In a brave new world, this Brooklyn four aren’t afraid in the slightest

Photography by Mic Wernej

In a brave new world, this Brooklyn four aren’t afraid in the slightest

There was a time when the future was seen as a utopia where everything was shiny, people travelled in flying cars and everybody regularly conversed by videophone. By and large, people looked forward to it. Nowadays, however, the future has never been less fashionable. We’re all afraid of the future, because we have no idea what lies in store for us all, but we’re pretty sure it’s gonna be bad. But it doesn’t have to be. We’re told every day that the music industry is about to go the way of the Dodo; that any second all of us music-lovers are going to be unplugged from the Matrix and reborn naked, bald and slimy into a horrible dystopian future where EMI can’t throw 80 million quid at Robbie Williams. Like I said, it doesn’t necessarily have to be bad…

Yeasayer could well be the most futuristic sounding band you will hear right now. The problem with most bands that try to sound futuristic is that more often than not, they just end up sounding like the 80s. Yeasayer go about things a whole different way: embracing technology, utilising classic musicianship and taking inspiration from the rhythms of the world, and using them all to create something exhilaratingly, electrifyingly new. Their vocal duties are shared – often through gospel harmonies or chanting, with no ‘lead singer’ per se – whilst Middle Eastern, African and South American rhythms underpin the multi-layered instrumentation and subtle use of electronics and sampling. They sound quite unlike anything else you’ve ever heard – and you don’t get much more futuristic than that.

A Brooklyn four-piece – whose album, ‘All Hour Cymbals’, could quite easily be the best release of the last 12 months – Yeasayer have been together for 3 years. Its founding members, Chris and Anan, have been friends since childhood, and have played in bands together since their teens. Mostly, these bands were influenced by The Cars or Pavement, although on one occasion – seemingly at odds with the forward-thinking music they purvey now – they were part of a barbershop quartet. “”We did, for a laugh, have a barbershop quartet””, remembers Chris. “”We competed in a competition and, er, failed! We were 15 and it was actually a way to get credit for a class””. Though their efforts failed on that occasion, it was when Chris and Anan returned from college and formed Yeasayer that they found their two remaining members (Anan’s cousin Ira on bass and Luke on drums), a style that would bring them acclaim and, in this uncertain future for the music industry, success on their own terms.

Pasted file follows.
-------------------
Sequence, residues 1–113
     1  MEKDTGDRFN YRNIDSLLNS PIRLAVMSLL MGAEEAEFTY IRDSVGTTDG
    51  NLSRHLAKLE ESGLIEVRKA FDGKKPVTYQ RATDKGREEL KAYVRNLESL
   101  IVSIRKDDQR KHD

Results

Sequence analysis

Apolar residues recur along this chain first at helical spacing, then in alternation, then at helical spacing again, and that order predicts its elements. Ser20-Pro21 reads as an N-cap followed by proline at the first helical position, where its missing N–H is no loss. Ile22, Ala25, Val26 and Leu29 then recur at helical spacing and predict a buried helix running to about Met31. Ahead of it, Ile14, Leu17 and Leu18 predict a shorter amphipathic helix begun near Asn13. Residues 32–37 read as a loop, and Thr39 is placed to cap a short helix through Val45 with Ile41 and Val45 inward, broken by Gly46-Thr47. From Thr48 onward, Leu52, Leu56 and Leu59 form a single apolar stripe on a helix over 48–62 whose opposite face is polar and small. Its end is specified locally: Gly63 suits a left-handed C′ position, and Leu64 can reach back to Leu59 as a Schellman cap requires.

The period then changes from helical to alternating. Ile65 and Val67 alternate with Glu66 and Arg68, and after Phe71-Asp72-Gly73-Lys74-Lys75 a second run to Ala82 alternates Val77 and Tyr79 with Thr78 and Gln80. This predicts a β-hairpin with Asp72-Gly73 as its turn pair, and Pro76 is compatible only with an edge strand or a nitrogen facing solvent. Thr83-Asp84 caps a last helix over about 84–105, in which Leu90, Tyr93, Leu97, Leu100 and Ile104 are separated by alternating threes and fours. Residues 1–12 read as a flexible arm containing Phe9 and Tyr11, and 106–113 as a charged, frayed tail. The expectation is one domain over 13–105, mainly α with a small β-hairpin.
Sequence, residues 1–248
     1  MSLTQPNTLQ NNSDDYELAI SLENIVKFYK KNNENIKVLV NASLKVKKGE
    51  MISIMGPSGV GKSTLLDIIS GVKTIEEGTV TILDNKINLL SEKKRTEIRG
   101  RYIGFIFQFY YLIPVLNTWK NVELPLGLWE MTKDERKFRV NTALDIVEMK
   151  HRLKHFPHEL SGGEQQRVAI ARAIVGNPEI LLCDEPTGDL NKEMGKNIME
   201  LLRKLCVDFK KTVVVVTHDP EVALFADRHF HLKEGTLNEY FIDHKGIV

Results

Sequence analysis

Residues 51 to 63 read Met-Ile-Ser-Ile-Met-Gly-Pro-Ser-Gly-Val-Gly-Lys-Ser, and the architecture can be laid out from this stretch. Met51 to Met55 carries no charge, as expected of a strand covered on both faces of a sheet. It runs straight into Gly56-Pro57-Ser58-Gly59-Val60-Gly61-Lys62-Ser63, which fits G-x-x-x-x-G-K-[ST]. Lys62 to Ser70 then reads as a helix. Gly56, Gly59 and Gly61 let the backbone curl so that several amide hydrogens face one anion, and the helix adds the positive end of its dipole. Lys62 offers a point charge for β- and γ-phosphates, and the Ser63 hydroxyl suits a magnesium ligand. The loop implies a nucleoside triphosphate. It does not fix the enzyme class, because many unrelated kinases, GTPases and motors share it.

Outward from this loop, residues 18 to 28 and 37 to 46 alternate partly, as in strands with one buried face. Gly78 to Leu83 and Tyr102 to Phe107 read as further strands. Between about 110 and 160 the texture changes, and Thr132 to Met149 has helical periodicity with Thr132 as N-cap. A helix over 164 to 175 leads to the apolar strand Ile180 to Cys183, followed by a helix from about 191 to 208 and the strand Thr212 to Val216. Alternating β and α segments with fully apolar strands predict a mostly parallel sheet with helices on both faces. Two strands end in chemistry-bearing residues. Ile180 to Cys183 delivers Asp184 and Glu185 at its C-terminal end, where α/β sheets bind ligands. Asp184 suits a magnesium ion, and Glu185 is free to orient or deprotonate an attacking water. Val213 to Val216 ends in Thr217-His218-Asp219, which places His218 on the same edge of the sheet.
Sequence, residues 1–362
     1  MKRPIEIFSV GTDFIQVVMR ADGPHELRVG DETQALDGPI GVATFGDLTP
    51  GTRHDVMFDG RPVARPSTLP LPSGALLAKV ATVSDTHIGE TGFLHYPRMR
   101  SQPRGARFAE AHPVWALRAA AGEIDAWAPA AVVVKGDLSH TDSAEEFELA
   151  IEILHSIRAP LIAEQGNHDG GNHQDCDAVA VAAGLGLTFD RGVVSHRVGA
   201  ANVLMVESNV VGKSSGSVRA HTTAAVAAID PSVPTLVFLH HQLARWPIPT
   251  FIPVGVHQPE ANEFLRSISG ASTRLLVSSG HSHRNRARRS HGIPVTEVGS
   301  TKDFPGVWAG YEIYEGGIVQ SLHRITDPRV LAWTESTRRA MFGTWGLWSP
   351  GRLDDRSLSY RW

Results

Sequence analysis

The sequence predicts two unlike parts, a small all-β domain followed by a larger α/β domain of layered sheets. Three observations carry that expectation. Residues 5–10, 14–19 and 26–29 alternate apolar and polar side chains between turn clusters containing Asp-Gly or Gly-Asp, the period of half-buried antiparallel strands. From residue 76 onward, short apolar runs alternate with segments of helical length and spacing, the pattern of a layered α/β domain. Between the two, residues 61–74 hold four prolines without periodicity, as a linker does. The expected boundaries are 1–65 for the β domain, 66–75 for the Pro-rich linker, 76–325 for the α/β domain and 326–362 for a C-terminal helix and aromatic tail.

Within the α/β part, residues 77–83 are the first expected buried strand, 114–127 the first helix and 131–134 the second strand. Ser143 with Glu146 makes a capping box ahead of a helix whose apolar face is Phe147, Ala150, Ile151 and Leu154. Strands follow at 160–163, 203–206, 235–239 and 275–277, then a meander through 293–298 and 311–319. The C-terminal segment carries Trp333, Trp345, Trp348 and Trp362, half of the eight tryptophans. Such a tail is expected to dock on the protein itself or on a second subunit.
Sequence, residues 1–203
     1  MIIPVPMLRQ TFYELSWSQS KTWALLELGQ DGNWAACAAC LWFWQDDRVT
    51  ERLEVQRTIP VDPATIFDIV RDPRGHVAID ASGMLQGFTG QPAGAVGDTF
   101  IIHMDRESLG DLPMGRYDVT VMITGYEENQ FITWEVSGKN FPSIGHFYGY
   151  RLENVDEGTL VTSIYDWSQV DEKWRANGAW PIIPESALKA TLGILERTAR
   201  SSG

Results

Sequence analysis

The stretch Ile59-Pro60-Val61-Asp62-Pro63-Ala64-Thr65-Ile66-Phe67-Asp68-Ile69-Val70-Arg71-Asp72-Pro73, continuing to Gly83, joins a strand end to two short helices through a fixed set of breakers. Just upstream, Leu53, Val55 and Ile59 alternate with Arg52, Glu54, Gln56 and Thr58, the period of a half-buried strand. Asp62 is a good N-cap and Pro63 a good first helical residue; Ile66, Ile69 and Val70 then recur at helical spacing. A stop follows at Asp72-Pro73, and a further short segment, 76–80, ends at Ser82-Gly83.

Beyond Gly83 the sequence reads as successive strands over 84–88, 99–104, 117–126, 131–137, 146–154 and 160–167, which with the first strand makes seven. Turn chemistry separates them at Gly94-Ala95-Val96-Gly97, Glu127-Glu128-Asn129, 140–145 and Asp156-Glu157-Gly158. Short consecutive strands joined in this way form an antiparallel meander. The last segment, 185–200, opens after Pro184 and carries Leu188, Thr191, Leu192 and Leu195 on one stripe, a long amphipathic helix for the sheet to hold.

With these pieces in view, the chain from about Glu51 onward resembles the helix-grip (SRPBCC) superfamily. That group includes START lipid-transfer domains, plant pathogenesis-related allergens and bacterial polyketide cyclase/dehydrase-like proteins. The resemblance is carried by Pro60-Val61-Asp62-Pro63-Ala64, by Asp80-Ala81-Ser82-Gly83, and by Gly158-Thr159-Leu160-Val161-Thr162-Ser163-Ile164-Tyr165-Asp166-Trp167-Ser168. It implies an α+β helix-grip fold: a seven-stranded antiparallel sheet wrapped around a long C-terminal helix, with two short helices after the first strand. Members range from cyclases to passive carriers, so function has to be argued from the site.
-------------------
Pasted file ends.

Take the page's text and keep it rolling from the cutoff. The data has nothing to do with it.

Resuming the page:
Those terms are being defined by liberation from the pressures of signing to big labels and selling thousands of records: “”I think the major label’s fucked themselves,”” says Chris. “”I don’t really think the Internet has screwed over musicians at all. I think if anything it’s helping small musicians get to a good place. It’s hard times for the material business: selling magazines, selling records, selling anything. But out of that I think it’ll grow something new. I’m excited about the next 10 years. A lot of friends in bands are making some of the best music that’s been made in the past ten years right now, and they’re getting some recognition. They’re not selling tons of records and they’re not making money. And they probably won’t, and we probably won’t! But I think being ‘successful’ has changed, from selling 100,000 records to being able to support yourself. For us to get to Europe and for bands from here to get to the States: That’s success now””.

Pointing to bands such as Animal Collective, Dirty Projectors, MGMT and Grizzly Bear, Chris highlights what a rich and varied musical landscape there is among these Pitchfork-endorsed, US indie bands, enjoying this new definition of musical success. But nearly all of these innovative, futuristic bands are from North America – why isn’t this inventiveness as apparent in the UK’s indie bands? For Chris, it’s ironically because it’s easier for UK bands to get on the radio and sign big deals: “”What I think it is, is that you guys still have a pretty good culture of small bands getting on the radio and getting exposure. Indie bands can move up pretty quickly, whereas in the States radio is shut off to indie bands. It’s cock-rock, it’s right-wing talk shows or hip hop, pop and Britney Spears. And it’s 24-7. It’s not like at 8 o’clock you have XFM! So as a result of that there hasn’t been that experimental side that grew out of that here. You guys have a lot of that middle-of-road stuff, but in a way it’s awesome – I love coming over here and doing sessions. You don’t get any radio in America!””

So, for all the general sense of foreboding surrounding the music business, maybe it won’t be the disaster we all fear. At least for those of us who don’t work at the major labels. Even this very magazine you’re holding right now is testament to how good things actually are, given that there’s so much exciting new leftfield music for us to cover. And when you’ve got bands like Yeasayer, supporting themselves with the modest yet meaningful rewards of their unfettered creativity, you’ve got to be at least a little bit excited about tomorrow.


Originally published in issue 1 (vol. 2) of Loud And Quiet. May 2008

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